That makes sense alright. Whats a voltage drop test (remember, I'm an idiot!) and which devices should I test and how (remember, I'm an idiot#2)?

Mike.
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  #7  
Old 08-01-2004, 02:06 PM
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Quote:
Originally posted by mike65
That makes sense alright. Whats a voltage drop test (remember, I'm an idiot!) and which devices should I test and how (remember, I'm an idiot#2)?

Mike.
In order to do testing some portion of knowledge will be required. One must understand the meaning of E=IR in a RLC circuit.

One must start with a simple circuit say a light bulb. In the OVP circuit the KE controller and the ABS controller are the light bulbs.

In a light bulb circuit one passes the 12v from the positive side (please excuse the simplification and forget elctron flow theory for the moment) of the battery through the fuse into one side of the bulb through the bulb and back to the negative side of the battery. In a proper circuit like this powering a 55w bulb the current flow would be 55 divided by 12 as P=IE where P= power, I = current and E = voltage. So the current is 4.58amps. I we place that into the equation E=IR where R = resistance in ohms then the resistance calculates to 2.62ohms.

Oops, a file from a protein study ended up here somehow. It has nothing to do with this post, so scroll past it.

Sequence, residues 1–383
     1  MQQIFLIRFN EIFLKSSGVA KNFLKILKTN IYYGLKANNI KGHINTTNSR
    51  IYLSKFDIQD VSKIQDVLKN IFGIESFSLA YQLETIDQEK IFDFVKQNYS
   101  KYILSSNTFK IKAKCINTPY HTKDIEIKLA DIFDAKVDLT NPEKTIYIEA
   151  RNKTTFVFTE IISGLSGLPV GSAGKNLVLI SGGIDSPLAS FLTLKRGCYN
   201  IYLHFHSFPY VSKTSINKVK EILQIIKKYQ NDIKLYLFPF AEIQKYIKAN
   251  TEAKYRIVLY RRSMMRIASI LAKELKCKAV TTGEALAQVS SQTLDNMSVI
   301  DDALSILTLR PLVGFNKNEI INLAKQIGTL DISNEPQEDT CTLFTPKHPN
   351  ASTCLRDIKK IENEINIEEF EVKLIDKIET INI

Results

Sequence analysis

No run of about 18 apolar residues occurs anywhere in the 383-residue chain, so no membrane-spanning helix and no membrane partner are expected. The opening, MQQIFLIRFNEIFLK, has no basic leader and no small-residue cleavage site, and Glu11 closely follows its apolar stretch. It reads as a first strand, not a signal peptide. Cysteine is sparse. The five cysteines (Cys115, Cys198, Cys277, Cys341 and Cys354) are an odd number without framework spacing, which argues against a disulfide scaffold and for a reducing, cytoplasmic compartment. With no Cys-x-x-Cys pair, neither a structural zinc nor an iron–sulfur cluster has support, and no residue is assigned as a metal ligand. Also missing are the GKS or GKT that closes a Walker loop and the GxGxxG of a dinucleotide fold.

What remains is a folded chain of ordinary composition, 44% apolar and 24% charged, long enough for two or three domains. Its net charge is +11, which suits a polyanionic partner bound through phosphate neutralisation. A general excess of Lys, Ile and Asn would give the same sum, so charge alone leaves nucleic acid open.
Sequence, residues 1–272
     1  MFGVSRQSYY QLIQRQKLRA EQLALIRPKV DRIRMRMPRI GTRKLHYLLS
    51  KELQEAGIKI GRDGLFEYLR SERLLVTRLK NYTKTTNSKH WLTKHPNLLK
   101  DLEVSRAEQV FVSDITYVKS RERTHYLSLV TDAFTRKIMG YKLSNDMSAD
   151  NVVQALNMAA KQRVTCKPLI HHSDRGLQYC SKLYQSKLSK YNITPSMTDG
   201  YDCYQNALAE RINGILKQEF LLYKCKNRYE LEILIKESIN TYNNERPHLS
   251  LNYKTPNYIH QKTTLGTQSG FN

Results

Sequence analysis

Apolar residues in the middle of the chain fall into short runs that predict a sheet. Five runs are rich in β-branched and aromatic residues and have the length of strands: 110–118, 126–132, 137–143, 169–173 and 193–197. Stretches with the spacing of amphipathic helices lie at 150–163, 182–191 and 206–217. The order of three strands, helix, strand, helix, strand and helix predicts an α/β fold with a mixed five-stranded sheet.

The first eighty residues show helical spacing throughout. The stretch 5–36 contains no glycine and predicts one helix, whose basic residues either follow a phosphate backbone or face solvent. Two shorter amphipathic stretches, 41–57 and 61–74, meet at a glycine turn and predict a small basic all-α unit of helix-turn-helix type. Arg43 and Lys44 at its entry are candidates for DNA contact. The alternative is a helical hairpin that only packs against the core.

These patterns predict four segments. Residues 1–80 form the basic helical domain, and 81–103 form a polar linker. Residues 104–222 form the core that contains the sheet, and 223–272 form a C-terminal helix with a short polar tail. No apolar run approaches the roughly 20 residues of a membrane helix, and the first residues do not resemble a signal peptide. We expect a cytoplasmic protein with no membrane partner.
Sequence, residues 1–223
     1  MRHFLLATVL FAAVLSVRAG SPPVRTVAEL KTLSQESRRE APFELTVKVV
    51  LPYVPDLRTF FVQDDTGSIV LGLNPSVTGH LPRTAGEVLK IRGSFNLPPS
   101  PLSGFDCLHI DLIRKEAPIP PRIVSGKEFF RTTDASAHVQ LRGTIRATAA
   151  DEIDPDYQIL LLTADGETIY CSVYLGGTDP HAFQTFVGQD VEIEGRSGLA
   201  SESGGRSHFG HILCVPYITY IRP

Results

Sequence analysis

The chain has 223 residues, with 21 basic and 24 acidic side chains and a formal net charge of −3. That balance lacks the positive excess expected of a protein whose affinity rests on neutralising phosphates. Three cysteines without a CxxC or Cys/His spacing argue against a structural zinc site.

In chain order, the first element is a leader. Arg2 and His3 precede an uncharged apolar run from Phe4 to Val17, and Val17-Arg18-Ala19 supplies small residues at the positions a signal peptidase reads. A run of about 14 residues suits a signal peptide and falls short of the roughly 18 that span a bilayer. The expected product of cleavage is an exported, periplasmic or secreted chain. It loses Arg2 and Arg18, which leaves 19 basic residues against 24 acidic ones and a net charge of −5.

In the above circuit the voltage drops from 12v on one side of the bulb to 0v on the other side. using the voltage drop test. The voltage drop across our ideal circuit find 0v across the fuse. In real life this might not be the case and in the case of the OVP it also represents the only exception to the either its good or its bad theorem.

So say there is an ohm of resistance across the fuse (usually at one of the connections), now our above light has 3.31amps. E=IR 12v = I (3.62). The power is now only P = 3.31(12v) or only 39.77watts. You would see this as less light. In the OVP it can and does affect the current through the idle controller (and that is another story I have writen a couple times).

Anyway in the above new circuit the voltage drops in proportion to the individual resistances. It goes from 12 to 0 through 3.62 ohms and the voltage drop goes like this: 12v at battery, 12v at one end of the fuse, 8.69 at the other end, 8.69 at one side of the bulb and 0 at the other.

So if you are still following this, the standard voltage drop test for a fuse would be to find 0v across the circuit. The 3.31 drop of our defective fuse is huge drop. The standard in most 12v circuits is no more than .1v per connection. So if the OVP was tested as our fuse the power in should drop no more than .1v through the circuit.

Please excuse any errors as I'm eating a sandwich and watching Pocono as I write.
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  #8  
Old 08-02-2004, 05:18 AM
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Now I'm dizzy!

Its like me trying describe the process of using computers to make music to a novice...a glazed look comes over the curious and I get frustrated!

Mike.